But it quickly became apparent that neither I nor my Spanish-speaking students were going to connect to the kind of “Spanglish” used in the “Skippyjon Jones” books, principally because it wasn’t Spanglish at all. When I was in middle school, some of the kids in my class would make fun of Spanish and of our Spanish teacher by just adding “o” to the end of the words. They would say things like, “I-o don’t like-o this class-o,” and then high-five each other and say, “Nice Spanish, dude.” “Skippyjon Jones” operates on the same principle, creating gems like “ding-a-lito,” “stinkitos,” and “snifferito.” Skippyjon Jones is a cat who pretends to be a Chihuahua and talks in a fake Mexican accent (“they are reely, reely beeg, dude”) and calls himself “El Skippito Friskito,” which drives me crazy because there are no k’s in Spanish. If one of my students started talking that way, we would have conversations about stereotypes and offensive behavior. Yet somehow these are popular children’s books.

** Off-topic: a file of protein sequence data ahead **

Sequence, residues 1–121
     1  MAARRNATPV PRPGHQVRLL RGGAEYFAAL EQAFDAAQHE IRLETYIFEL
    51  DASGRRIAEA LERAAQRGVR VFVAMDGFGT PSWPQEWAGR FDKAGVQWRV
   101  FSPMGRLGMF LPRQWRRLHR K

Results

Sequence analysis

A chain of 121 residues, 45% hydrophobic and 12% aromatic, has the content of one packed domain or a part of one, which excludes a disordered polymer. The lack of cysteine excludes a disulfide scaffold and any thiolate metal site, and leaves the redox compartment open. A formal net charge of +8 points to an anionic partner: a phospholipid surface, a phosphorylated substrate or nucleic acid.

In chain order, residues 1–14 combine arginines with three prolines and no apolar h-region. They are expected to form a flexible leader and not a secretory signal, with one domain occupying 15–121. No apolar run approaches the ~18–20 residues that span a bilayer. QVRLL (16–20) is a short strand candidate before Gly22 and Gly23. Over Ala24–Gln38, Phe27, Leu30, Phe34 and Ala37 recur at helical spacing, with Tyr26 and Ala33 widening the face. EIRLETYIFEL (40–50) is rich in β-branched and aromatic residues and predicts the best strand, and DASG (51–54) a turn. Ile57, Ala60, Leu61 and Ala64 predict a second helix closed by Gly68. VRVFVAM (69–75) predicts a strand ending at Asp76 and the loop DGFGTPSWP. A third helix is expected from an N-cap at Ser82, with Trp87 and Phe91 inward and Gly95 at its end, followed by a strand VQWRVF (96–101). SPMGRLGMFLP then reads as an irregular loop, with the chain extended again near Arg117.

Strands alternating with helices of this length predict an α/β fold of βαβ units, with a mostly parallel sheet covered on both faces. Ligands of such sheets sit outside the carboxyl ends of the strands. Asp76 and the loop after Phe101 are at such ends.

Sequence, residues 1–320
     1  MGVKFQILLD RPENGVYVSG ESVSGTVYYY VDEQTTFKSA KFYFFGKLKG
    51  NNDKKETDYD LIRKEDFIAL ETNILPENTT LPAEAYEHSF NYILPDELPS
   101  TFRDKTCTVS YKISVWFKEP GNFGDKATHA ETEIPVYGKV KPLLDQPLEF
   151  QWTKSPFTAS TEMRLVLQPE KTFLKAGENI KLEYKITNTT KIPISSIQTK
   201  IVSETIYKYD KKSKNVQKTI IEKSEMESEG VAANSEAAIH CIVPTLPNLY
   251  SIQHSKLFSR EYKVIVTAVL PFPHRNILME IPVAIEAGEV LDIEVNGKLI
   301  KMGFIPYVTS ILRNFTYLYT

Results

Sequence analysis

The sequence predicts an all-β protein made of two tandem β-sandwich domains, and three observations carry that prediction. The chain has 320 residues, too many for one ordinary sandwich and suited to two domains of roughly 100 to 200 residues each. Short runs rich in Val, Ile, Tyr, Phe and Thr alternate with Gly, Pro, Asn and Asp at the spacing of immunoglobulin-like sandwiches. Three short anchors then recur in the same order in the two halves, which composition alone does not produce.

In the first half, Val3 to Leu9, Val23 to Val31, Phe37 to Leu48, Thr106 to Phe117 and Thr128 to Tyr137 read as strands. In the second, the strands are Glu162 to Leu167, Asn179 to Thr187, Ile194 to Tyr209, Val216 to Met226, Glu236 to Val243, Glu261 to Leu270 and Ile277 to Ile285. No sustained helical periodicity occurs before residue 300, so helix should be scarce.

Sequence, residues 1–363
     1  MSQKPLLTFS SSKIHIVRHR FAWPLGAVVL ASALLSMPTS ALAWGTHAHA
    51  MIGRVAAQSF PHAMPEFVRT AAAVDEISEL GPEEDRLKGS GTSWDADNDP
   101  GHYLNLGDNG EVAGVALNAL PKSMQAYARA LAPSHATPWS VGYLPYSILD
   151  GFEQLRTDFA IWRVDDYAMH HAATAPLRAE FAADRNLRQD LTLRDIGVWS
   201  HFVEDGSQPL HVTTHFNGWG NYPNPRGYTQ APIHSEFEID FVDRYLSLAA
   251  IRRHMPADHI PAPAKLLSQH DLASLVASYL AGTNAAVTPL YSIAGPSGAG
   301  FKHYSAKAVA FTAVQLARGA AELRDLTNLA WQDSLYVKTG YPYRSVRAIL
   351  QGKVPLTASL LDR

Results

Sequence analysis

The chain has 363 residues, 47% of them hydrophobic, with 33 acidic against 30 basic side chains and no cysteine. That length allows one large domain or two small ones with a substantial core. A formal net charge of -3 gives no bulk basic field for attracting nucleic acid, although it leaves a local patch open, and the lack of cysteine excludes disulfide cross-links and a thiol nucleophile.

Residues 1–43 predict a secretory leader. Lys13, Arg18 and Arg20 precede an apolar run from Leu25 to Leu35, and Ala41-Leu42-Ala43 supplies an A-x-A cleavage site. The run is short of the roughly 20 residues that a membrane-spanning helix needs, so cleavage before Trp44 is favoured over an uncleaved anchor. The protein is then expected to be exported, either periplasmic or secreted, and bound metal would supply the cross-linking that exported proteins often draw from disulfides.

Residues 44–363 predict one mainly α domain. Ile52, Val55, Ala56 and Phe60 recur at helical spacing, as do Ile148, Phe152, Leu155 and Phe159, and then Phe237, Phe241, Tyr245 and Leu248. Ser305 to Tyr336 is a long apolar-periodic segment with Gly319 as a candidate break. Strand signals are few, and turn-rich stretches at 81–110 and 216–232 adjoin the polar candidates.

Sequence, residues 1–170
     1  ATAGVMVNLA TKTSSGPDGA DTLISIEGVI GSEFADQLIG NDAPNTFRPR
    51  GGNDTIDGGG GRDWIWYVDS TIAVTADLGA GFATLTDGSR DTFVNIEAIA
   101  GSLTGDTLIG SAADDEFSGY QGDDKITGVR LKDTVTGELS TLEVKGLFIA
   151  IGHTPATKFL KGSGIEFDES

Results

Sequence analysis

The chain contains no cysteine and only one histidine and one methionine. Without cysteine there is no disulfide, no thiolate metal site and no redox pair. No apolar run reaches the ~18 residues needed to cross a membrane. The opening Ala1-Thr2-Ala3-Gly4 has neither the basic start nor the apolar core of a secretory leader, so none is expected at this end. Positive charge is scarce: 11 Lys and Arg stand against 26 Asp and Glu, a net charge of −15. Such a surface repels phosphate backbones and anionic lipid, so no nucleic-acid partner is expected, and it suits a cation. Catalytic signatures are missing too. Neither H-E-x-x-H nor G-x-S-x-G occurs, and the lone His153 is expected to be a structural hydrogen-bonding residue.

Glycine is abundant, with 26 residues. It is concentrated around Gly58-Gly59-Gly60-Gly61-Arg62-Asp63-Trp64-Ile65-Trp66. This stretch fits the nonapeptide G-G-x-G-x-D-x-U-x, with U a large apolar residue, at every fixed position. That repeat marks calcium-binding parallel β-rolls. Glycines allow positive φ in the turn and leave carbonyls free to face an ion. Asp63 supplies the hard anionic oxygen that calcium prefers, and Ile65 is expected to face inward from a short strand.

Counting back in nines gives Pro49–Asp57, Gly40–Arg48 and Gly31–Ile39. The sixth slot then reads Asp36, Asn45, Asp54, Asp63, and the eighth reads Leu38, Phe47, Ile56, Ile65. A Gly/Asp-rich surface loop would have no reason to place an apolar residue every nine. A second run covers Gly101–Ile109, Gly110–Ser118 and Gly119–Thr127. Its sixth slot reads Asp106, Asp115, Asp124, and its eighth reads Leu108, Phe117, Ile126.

A few pages into the read-aloud, I realized I had made a big mistake. I tripped over the fake Spanish words and ridiculous names (Poquito Tito? What does that even mean?). In order to have read the book well, I would have had to adopt a fake Mexican accent and essentially mock the way that Mexican people speak, even clapping along to fake mariachi songs with lyrics like, “Diggeree diggeroo diggerito (clap-clap) / We learned something new from Skippito! (clap-clap) He scares them to death/ with his old pickle breath,/ and that’s how we get fossilitos! (clap-clap).” Note: This is also false history. This is not, in fact, how the dinosaurs became extinct.
Tongue-tied and embarrassed, I put the book down. Later, still ashamed that I had subjected my students to even ten minutes of that horrific read-aloud, I tossed both the book and the floor puzzle in the trash. Even a gorgeous floor puzzle and a free book were not worth subjecting my students to toxic racial and linguistic stereotypes.
—Grace Cornell Gonzales